Date
16 December 2017
David Ford, who led Hong Kong's civil service from 1986 to 1993, was a key player in the planning for the city's 1997 handover to China. Photo: HKEJ
David Ford, who led Hong Kong's civil service from 1986 to 1993, was a key player in the planning for the city's 1997 handover to China. Photo: HKEJ

Former chief secretary David Ford passes away at age 82

Sir David Robert Ford, the last British chief secretary of Hong Kong, passed away in England over the weekend at the age of 82.

Ford died on Saturday at the Royal Brompton Hospital in London, according to reports. The cause of death was immediately not clear.

Ford worked in various departments in the British colonial government in Hong Kong from 1972 until 1993, prior to the city’s return to Chinese rule in 1997.

He served as chief secretary between 1986 and 1993 and helped in the planning for the handover.

Ford was acting governor of Hong Kong for a week before Chris Patten reported for duty in 1992.

Anson Chan, who succeeded Ford as chief secretary and became the first ethnic Chinese to hold the top civil service post in the colonial administration, condoled the death of her former colleague.

Born in 1935, Ford started out as a military man, serving the British army on various continents.

His political career commenced in 1972 as he joined the Hong Kong government as a vice secretary at the Information Services Department.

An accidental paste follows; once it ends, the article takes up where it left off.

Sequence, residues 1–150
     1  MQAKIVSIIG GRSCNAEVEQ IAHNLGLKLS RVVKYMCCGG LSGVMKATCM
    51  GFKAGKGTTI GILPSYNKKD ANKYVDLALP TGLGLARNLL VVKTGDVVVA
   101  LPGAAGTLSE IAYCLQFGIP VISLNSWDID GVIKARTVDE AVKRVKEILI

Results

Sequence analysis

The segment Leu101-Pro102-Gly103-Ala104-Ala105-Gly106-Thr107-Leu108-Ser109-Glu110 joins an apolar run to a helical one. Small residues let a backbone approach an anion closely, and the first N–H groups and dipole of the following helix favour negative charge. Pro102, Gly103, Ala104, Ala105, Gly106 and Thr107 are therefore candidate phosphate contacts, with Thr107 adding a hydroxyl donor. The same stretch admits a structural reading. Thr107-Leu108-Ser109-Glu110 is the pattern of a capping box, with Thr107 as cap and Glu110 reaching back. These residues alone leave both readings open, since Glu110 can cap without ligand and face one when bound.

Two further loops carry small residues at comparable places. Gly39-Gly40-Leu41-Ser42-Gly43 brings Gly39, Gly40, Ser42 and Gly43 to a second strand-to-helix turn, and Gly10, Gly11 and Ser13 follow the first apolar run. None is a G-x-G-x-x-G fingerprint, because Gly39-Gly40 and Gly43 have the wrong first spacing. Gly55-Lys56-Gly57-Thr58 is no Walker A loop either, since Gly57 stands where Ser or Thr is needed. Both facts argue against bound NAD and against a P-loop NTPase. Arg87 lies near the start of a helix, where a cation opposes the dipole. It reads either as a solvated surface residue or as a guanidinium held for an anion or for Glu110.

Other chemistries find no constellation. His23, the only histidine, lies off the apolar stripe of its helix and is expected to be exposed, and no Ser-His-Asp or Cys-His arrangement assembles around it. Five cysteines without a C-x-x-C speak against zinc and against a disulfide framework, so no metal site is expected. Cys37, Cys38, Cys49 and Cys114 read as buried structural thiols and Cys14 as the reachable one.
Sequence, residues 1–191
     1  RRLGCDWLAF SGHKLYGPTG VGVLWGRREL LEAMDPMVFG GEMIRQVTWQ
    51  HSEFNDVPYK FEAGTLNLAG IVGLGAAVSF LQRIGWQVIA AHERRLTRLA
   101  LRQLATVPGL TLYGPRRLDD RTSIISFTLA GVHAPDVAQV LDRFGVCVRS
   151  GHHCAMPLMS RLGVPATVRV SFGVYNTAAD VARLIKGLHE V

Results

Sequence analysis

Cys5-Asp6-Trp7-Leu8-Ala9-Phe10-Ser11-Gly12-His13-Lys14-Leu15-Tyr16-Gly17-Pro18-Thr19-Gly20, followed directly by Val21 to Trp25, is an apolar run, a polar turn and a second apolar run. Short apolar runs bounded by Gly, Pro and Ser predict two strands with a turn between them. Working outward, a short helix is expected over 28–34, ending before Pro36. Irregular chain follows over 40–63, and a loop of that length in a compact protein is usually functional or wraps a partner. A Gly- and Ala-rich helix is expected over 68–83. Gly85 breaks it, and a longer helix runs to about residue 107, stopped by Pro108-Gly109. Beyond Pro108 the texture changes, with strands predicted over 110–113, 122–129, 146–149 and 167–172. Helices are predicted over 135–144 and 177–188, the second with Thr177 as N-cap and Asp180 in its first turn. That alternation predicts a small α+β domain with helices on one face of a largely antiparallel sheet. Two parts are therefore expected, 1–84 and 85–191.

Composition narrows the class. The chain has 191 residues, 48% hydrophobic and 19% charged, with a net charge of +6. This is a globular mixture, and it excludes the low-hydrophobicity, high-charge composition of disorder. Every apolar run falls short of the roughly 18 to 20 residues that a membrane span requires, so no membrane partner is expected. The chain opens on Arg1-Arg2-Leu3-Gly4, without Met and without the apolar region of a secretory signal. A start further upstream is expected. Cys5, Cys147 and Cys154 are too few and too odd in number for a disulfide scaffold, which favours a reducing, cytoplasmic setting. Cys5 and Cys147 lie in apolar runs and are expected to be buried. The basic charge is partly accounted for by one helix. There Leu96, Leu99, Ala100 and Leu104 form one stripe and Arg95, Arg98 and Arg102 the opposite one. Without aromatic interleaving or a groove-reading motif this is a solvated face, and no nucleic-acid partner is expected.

Two years later he was promoted and soon became an indispensable part of the British colonial government. He reached the peak of his career in 1986 when he became the chief secretary.

One of his most challenging tasks during his time in the top post was to oversee the construction of the new airport in Chek Lap Kok.

Ford was a member of the Airport Development Committee, leading government officials on the project.

Chan, who took the top civil service job from Ford in 1993, recalled that her former British colleague had been a great help in assisting and facilitating a peaceful handover back in 1997, and that he was a loved and respected leader and boss.

Another challenge that Ford had faced during his term was the 1990 Hong Kong Bill of Rights.

The Briton had refused to legitimize a law to limit the freedom of speech, the Hong Kong Economic Journal noted.

Ford retired in 1997 as the Hong Kong Commissioner in London. In 2002, he became a non-executive director of PCCW and constantly travelled between London and Hong Kong. 

Ford had two marriages. After divorcing his first wife in 1987, he married a woman named Gillian Petersen. The couple had no children. Gillian had been by his side when he was hospitalized.

Martin Lee Chu-ming, founding chairman of Hong Kong’s Democratic Party, described Ford as a very efficient man. The Briton had been very good at finding talents to work for him, he said.

Lee had been challenged by Ford a few times in the Legislative Council chambers, but understood that it was simply because they were on different sides.

Emily Lau Wai-hing, another veteran Hong Kong political figure, also praised Ford, saying he was a very open-minded man who was more than willing to discuss new topics and viewpoints.

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